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Johns Hopkins Pediatric

'Game-Changer’ Intervention for Ovarian Cancer Prevention

A medical illustration details the steps of a salpingectomy procedure.

Illustration by Gyyoung Oh, Johns Hopkins University School of Medicine

Ovarian cancer is a notoriously difficult group of diseases to diagnose and treat. There is no effective screening method — most people have widely metastatic cancer when they start showing symptoms, and most patients die within five years. Additionally, the most lethal type — high-grade serous carcinoma — is the most common, and is the fifth most common cause of cancer-related death for women in the U.S.

Rebecca Stone, in a formal portrait, wearing a black shirt and pearl necklace

“Now we know why we have historically been unsuccessful at detecting ovarian cancer, and in developing screening tests. This revelation has potential to positively change practice and outcomes for patients across the globe.” –Rebecca Stone

A new approach offers some hope in preventing this disease, which will affect 1 in 78, or 1%–2%, of women in their lifetimes. Salpingectomy (fallopian tube removal) is a low-risk surgery that can reduce the risk of ovarian cancer by as much as half. While the approach has not yet been widely adopted, the Johns Hopkins Department of Gynecology and Obstetrics is leading the way in its own clinics, and faculty members are working on national and international educational and advocacy efforts.

Although it was long believed in medicine that ovarian cancer originates in the ovaries, research from the past 20 years shows that most cases arise from precancerous cells in the ends of fallopian tubes.

“That finding is such a game-changer because it explains why we have been unsuccessful at detecting it and developing screening tests,” says Rebecca Stone, a gynecologic oncologist with expertise in ovarian cancer and director of the Kelly Gynecologic Oncology Service. “We’ve never really had the promise of prevention like this in medical history — that one could choose to remove an anatomic structure that has no known function after child-bearing to prevent a lethal cancer later in life.”

The fallopian tubes don’t serve any known purpose beyond a patient’s reproductive years, as opposed to ovaries, which still produce important hormones likely well beyond menopause.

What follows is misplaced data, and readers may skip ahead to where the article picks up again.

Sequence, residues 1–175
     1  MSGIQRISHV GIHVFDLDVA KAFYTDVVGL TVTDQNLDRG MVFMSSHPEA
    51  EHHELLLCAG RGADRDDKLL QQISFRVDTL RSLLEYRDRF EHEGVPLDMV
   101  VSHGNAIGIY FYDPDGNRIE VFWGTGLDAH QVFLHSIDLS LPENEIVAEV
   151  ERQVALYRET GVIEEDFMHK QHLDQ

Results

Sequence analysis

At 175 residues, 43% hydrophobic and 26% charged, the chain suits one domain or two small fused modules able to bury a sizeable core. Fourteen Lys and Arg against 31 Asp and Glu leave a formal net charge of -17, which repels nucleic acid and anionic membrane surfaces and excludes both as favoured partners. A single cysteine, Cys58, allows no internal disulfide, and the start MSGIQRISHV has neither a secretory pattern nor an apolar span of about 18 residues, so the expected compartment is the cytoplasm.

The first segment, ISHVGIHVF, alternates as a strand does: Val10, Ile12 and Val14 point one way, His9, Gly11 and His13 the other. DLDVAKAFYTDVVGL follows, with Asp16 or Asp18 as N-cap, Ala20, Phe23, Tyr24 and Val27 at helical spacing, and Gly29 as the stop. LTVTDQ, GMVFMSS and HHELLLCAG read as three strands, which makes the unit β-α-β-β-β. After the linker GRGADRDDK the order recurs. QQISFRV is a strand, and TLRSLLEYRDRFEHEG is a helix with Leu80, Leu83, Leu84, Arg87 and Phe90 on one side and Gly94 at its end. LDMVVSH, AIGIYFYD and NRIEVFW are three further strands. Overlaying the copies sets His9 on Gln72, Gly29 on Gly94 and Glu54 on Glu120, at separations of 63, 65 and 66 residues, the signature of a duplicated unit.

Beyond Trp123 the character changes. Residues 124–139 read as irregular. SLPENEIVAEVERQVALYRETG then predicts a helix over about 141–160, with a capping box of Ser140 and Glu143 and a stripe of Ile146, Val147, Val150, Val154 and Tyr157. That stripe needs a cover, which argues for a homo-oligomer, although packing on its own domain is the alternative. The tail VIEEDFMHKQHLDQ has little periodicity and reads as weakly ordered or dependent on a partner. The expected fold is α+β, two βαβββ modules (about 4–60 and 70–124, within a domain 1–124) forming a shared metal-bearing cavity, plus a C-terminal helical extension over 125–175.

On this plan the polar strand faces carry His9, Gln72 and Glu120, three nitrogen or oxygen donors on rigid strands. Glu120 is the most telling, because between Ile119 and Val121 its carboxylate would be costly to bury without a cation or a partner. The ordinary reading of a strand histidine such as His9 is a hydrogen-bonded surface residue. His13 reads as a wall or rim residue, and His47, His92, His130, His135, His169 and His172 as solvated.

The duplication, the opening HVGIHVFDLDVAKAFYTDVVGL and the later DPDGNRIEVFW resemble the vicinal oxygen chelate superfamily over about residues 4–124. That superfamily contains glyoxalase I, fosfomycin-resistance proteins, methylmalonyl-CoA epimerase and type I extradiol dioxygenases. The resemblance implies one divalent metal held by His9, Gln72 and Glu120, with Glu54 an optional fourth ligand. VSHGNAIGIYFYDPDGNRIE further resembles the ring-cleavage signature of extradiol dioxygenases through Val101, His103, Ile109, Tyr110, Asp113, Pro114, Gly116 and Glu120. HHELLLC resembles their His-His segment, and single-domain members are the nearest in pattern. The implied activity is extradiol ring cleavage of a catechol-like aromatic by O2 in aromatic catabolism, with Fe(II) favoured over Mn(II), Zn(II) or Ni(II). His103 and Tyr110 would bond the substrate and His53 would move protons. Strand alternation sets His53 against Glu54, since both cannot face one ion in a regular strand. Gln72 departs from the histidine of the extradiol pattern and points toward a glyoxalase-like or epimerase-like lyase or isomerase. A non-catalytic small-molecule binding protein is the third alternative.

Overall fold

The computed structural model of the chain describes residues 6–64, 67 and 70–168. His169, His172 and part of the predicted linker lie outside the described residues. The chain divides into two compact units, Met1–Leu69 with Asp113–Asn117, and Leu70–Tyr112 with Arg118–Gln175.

The surgery, which takes minutes, can be electively performed at the same time as another planned intra-abdominal surgery, such as a hysterectomy or other post-reproductive gynecologic surgery. Patients interested in permanent contraception through surgical sterilization should be counseled about the option of salpingectomy in lieu of tubal ligation to reduce their lifetime risk of ovarian cancer, Stone says, as tubal ligation does not cut the risk nearly as much. She sees a lot of opportunity here, as 700,000 women a year elect to get tubal ligation surgery in the U.S. alone.

In 2015, the American College of Obstetrics and Gynecology released guidance recommending that patients undergoing certain surgeries be counseled about the option of concurrent salpingectomy for ovarian cancer prevention. Johns Hopkins has since adopted the procedure as best practice, providing salpingectomy to nearly 100% of patients undergoing hysterectomy and approximately 85% of patients opting for surgical sterilizations in the past year. This is substantially better than the national rates of 60% and 20% for hysterectomy and surgical sterilization, respectively.

Stone is now part of Break Through Cancer, which has a project that aims to expand awareness of and access to salpingectomy for ovarian cancer prevention as a means to decrease its death toll. The initiative includes specialists from Johns Hopkins, the Dana-Farber Cancer Institute, Memorial Sloan Kettering Cancer Center, the University of Texas MD Anderson Cancer Center and MIT’s Koch Institute for Integrative Cancer Research. In concert with this effort, Stone is also among the specialists working with the Centers for Disease Control and Prevention to write medical coding for prophylactic salpingectomy. At present, salpingectomy is not universally covered by all insurances, and fixing medical coding is the first necessary step toward removing that barrier.

An article published in JAMA in June by Stone and her main collaborators — Memorial Sloan Kettering gynecologic oncologist Kara Long Roche (a former Johns Hopkins faculty member) and Johns Hopkins general and critical care surgeon Joseph Sakran — made the case for salpingectomy and brought attention to the issues Break Through Cancer is tackling. The article is in the top 5% of all research outputs scored by Altmetric, an entity that measures online engagement with scientific articles.

Stone also organized an international task force of obstetric and gynecologic surgeons, gynecologic oncologists, pathologists and epidemiologists to similarly spread awareness and tackle barriers to care that exist on an international scale.

“We’re not talking about just changing practice for Johns Hopkins, we’re talking about changing practice for the U.S. and for the world,” Stone says.

For more information on salpingectomy, click here.

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